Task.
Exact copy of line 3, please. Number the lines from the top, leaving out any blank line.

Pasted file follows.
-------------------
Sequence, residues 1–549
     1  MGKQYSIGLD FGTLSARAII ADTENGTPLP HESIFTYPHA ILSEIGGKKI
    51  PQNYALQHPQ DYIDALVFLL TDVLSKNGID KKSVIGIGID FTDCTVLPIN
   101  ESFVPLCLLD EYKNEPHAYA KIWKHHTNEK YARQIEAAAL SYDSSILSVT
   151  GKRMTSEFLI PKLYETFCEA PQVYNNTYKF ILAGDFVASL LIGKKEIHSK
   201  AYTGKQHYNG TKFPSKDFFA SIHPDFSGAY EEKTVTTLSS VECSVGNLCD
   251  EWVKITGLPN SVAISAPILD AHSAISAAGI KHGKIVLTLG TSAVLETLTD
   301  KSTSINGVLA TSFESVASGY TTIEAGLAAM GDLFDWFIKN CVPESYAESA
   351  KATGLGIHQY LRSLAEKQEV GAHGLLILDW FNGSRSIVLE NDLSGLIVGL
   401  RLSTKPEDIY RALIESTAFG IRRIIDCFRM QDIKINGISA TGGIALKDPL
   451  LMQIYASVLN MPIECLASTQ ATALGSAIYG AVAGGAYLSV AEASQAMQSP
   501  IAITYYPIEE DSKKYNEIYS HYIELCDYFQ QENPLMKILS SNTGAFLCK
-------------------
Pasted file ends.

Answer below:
    51  PQNYALQHPQ DYIDALVFLL TDVLSKNGID KKSVIGIGID FTDCTVLPIN